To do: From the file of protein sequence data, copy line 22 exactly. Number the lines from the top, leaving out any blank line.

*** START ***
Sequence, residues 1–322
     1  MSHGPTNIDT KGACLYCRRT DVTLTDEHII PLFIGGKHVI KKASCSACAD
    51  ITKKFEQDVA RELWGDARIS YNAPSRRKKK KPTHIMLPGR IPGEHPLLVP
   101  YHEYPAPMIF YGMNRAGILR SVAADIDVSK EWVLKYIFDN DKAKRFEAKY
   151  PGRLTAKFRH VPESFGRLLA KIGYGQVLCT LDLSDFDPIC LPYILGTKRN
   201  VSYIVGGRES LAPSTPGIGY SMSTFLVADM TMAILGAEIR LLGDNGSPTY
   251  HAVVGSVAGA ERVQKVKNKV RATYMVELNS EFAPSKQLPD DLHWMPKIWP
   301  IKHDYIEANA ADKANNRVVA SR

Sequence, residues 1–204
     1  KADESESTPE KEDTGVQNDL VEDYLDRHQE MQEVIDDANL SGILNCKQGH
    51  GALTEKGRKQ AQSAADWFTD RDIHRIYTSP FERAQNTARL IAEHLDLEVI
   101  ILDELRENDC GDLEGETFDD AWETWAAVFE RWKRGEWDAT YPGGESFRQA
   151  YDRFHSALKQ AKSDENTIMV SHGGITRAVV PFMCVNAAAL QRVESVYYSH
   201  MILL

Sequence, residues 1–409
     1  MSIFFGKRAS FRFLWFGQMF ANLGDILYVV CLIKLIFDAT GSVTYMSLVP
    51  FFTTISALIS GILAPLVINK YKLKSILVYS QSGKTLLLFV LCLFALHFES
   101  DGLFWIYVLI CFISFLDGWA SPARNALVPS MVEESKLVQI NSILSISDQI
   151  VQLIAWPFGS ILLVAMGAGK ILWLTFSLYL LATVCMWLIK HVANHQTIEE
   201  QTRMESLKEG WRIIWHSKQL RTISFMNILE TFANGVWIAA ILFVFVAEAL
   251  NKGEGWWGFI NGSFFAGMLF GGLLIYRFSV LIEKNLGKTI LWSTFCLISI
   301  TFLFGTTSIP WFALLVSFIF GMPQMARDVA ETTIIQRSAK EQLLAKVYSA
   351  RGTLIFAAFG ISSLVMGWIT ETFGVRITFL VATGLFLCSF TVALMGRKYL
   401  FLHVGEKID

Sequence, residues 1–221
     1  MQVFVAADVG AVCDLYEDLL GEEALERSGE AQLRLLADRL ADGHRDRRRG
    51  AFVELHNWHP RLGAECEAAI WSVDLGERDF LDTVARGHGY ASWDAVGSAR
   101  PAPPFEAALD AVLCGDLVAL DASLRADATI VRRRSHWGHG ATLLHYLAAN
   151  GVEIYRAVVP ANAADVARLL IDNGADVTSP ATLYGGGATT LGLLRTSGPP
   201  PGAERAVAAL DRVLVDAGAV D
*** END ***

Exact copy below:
   301  TFLFGTTSIP WFALLVSFIF GMPQMARDVA ETTIIQRSAK EQLLAKVYSA